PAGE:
Almost everybody in the room shouted over each other with honest enthusiasm, making me feel a little overwhelmed but excited. Most of them looked young, with a few clearly more experienced individuals here and there. Back home, I only interacted with late twenty to thirty-year-old men, but here… everything seemed more progressive. The room sparkled with positive energy

    “We’re not a huge branch, so hopefully you'll feel like you’re part of our little family in no time,” an older woman with greyish blonde hair said, beaming.

    “I would appreciate that.” I gave her an honest smile.

    “Your accent is very good,” one of the younger women said. It made me chuckle.

    “Yes. I used to live in America when I was younger. My father was in the army. He’s American. We moved around for a few years and then went back to Italy, where my mother’s from, when I was thirteen…”

    “Interesting,” she replied.

    “Flo!” I was surprised when Blanche almost shouted the name, and somewhere inside me, I already knew who she called to. “Finally. You’re always wandering around this place like a ghost, aren’t you?” The petite girl walked into the room. My heart skipped a beat at the pure innocence and… goodness seeping out of her. I didn’t even need to touch her to feel that. She looked about nineteen years old with those large, brown puppy eyes bulging out of her head. Her long, black wavy hair and beautiful brown skin clearly spoke of Native American heritage, mixed with black, perhaps.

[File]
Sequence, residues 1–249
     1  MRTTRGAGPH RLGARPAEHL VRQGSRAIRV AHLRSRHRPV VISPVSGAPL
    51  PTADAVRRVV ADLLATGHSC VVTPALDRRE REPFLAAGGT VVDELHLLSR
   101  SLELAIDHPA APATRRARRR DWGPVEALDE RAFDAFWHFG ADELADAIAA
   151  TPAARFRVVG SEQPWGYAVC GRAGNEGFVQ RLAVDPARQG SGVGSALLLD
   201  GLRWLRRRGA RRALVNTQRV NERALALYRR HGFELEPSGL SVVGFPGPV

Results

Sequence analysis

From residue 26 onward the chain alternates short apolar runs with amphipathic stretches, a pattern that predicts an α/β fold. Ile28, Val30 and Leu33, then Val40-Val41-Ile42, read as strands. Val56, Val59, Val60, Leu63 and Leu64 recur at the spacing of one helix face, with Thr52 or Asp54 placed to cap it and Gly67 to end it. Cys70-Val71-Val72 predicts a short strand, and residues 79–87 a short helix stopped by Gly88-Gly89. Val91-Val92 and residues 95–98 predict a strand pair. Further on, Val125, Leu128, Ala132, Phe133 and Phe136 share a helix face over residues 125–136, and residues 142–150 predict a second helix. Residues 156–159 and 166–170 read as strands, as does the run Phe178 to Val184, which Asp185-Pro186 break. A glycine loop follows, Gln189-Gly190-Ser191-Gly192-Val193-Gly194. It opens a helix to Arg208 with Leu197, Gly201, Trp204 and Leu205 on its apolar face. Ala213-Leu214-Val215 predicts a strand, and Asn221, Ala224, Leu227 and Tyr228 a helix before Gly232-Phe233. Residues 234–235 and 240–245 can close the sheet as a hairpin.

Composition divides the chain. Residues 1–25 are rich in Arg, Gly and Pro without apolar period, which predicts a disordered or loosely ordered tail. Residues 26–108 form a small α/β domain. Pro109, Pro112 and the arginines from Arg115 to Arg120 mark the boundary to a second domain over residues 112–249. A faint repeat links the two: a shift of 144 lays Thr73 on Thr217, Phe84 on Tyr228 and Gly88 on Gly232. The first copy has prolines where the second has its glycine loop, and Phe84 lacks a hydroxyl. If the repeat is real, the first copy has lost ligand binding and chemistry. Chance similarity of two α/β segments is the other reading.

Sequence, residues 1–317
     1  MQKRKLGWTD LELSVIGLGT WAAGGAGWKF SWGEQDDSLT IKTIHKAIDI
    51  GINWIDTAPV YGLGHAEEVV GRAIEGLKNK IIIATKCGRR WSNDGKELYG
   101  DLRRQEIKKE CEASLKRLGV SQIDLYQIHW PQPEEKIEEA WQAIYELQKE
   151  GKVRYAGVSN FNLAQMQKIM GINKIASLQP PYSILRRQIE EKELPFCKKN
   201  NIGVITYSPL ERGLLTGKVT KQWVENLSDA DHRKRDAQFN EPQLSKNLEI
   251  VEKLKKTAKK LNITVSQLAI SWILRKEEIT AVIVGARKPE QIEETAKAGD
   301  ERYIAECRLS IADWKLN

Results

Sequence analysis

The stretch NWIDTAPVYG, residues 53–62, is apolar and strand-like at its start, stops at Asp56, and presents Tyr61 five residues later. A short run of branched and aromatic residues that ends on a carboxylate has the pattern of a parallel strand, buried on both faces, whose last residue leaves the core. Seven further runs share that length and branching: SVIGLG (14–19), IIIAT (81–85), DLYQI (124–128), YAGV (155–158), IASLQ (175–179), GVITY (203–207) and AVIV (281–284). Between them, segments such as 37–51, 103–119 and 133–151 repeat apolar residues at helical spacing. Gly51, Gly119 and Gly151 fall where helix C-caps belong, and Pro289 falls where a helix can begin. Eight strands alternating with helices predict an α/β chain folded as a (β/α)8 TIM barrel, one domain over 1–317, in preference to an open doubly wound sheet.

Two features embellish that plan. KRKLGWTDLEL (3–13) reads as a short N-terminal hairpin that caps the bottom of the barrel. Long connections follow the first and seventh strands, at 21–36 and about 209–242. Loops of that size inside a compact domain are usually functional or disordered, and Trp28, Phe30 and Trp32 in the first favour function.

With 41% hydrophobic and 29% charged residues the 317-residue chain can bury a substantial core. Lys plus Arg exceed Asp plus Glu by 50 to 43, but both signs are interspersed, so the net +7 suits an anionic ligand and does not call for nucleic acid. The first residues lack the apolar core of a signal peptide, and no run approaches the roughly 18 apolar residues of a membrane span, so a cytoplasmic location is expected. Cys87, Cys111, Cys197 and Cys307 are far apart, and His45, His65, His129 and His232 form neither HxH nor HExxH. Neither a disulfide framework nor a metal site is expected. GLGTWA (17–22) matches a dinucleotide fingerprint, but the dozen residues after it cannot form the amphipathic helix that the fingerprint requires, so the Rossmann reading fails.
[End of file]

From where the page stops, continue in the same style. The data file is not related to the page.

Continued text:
“I’m sorry,” she whispered and shifted her gaze from Blanche to me.

    Yes, it’s definitely her. The one who watched me from the window.

    “Hello,” she said, but her voice barely tickled my ears. Her clear brown eyes held my complete and utter attention.


 

    “She’s something, huh?” Blanche stepped towards me and pulled me out of the trance. I nodded. “Everyone has the same reaction. I have never seen anyone with such a clean, radiating aura.” She peered at her, like she still couldn’t believe it. “Flo is also a newcomer here. She can show you the room where you’ll be staying for the night. I guess you can bond over being the new faces in the meantime.”

    “Are you one of the Peacekeepers or just… staying here for protection?” I ignored Blanche and talked straight to the girl. With her energy, she was like an open invitation for daemons, not just for the lower, weak ones, but for the stronger ones too. If a powerful daemon would latch onto her, they would have an unlimited supply of the most wonderful quality food for a long, long time.

    “I’m… I want to be a Peacekeeper,” she confirmed, rather reluctantly.

    “She’ll make a wonderful Seer one day. She’s just not ready yet,” Blanche said, maybe too harshly.

    Seer, huh? Those are rare, especially good ones.